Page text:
The late-season surge of Roger Federer culminated this week with another stellar showing at the ATP World Tour Finals in London, winning the title by beating Jo-Wilfried Tsonga 6-3 6-7 6-4 in Sunday’s final . Having lost the mantle as the world’s best player, he remains unquestionably the most durable of Tennis’ elite.
Yet another few milestones
Roger Federer’s win over David Ferrer secured three significant career milestones. By beating the Spaniard he became the fourth player to ensure a Top 3 finish in the end of year rankings for 9 years straight. The win also made him the sixth player to reach 100 career finals*. It also saw him draw level with Stefan Edberg for sixth in the career victories chart with 806 wins. The subsequent victory over Tsonga saw him claim sixth spot outright.
The biggest milestone of all was claiming a record sixth World Tour Finals title. Novak Djokovic has won the end of year prize only once, Rafael Nadal has never won it and the only other active players to have previously won the title are well past their peak. We may see decades pass before anyone even remotely threatens Federer’s mark.
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Federer’s lack of success in Grand Slams in the last two seasons has been a source of concern. His win in Melbourne in 2010 was followed by one final, three semi finals, and three quarter finals in the seven subsequent majors. While most of the Top 10 would kill for such form, the dominance of the Top 4 in the game is such that this slippage is a cause for panic. There is a real possibility that Federer may never win another Grand Slam but he still has the game to compete for a few more years.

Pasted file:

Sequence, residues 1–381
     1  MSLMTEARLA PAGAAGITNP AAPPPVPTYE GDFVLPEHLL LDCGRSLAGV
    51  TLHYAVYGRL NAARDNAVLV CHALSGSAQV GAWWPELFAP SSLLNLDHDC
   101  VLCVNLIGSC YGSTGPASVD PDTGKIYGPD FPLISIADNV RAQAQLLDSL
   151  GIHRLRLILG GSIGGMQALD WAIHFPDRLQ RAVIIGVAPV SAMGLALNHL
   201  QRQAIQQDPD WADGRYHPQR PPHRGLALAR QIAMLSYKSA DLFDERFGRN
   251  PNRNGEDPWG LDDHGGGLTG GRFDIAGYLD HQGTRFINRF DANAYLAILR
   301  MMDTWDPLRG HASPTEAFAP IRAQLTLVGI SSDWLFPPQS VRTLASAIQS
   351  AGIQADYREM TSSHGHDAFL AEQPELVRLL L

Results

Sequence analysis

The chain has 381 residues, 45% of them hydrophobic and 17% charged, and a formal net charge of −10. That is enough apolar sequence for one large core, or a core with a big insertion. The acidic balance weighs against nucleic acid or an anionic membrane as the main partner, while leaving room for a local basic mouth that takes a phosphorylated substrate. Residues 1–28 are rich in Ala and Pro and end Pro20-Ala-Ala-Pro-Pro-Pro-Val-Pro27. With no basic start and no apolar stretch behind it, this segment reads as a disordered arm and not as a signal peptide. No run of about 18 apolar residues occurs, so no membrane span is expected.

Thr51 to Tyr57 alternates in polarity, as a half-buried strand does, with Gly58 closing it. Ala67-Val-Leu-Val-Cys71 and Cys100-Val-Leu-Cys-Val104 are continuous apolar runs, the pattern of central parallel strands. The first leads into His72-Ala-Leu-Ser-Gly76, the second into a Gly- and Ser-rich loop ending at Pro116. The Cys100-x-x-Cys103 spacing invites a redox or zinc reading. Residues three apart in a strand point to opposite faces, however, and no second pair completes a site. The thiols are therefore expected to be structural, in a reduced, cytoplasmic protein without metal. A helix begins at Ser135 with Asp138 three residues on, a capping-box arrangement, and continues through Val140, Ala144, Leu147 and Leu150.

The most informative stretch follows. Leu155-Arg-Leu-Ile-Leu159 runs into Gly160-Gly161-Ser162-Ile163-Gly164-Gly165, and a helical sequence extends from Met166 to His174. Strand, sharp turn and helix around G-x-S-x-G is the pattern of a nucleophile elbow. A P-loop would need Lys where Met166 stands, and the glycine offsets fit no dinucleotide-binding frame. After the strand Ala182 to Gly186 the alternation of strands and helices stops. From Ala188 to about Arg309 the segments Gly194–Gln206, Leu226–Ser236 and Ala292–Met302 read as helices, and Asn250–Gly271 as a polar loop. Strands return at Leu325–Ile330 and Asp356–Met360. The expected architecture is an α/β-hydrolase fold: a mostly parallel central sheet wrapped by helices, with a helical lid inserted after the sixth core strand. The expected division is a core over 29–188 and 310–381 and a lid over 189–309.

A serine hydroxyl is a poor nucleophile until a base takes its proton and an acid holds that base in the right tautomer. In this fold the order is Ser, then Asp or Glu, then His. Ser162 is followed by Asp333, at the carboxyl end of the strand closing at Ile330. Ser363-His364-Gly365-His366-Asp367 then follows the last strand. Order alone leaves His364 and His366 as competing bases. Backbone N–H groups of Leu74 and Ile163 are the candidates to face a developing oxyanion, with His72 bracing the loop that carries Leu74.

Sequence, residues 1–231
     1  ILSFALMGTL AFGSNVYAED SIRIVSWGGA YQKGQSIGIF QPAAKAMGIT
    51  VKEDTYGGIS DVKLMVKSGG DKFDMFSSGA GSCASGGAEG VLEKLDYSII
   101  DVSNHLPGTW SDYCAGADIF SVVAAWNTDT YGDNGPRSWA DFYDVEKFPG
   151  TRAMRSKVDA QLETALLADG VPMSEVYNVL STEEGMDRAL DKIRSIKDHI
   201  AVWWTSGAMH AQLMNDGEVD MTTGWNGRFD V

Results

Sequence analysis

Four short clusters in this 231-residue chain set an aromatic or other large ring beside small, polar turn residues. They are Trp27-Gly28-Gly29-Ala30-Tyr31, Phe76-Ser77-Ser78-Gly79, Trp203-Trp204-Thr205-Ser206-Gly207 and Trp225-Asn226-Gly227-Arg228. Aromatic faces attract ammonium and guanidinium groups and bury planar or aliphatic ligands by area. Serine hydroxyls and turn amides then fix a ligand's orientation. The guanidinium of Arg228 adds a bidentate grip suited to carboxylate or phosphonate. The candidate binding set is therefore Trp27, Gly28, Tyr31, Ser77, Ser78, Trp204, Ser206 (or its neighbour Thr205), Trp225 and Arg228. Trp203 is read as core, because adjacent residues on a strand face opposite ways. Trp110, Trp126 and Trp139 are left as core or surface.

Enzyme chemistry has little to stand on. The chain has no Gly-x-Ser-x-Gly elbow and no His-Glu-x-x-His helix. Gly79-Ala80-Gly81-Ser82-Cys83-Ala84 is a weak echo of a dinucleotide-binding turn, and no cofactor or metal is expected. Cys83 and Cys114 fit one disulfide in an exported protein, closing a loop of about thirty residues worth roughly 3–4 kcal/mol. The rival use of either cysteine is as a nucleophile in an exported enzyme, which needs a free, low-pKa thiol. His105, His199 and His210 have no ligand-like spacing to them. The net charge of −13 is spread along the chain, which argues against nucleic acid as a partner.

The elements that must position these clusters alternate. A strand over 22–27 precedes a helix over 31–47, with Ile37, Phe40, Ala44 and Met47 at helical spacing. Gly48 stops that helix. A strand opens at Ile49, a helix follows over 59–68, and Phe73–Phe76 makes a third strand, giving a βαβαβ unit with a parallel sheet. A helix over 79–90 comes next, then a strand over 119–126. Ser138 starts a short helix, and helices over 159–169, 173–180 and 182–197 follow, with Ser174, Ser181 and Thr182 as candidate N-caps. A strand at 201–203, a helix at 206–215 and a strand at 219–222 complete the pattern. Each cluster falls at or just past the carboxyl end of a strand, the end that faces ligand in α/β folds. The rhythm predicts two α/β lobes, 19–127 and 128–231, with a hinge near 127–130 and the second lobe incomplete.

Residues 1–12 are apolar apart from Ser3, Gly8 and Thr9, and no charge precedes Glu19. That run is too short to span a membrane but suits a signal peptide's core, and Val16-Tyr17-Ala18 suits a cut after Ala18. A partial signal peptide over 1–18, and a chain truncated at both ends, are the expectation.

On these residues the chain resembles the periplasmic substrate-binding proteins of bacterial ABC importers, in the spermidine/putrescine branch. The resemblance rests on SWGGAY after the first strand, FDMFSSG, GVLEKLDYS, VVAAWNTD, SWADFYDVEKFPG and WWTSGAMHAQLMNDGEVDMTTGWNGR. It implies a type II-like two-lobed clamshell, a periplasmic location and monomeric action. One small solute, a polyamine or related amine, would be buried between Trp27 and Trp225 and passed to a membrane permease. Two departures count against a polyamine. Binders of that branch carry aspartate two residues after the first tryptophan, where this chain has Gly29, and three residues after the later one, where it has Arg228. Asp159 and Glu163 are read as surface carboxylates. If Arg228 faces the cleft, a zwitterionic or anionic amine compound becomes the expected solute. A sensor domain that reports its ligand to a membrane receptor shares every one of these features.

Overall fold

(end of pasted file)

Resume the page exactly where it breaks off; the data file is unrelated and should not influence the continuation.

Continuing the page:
It’s no accident that Roger Federer tends to finish the year in much finer form than the rest of the big guns, even at a stage in his career when he’s past his peak. Federer’s style of play is one that causes less wear and tear than the approach taken by Novak Djokovic or Rafael Nadal. The athletic approach of the men who have shared the last seven Grand Slams is ideal for the sprint through the summer, from the clay courts of Europe to the US hard court circuit with a few weeks on grass in between. The human body however can only take so much and Federer, while hardly a tortoise, plays a game that is more forgiving on his limbs. A point further enhanced by his lack of notable injury problems throughout his career.
Management of his body has also helped. Not counting Davis Cup duty, where he appeared twice for Switzerland, Federer only played in 16 tournaments in 2011. His opponent at the decider in London, Jo-Wilfried Tsonga, played 24.
Wins in Basel, and at the Masters Series event in Paris followed by his run in London saw Federer yet again pad his resume with excellent late-season form. Prior to the autumn turn, Federer’s lone title this season had come in Doha all the way back in January. The calendar for next season makes a similar late-year charge look quite possible.
With the 2012 Olympics looking likely to attract a strong field, Federer’s fitness management could serve him well at the World Tour Finals yet again in 2012. More milestones, more magic, and probably a couple more years at the top look likely for the Swiss master.
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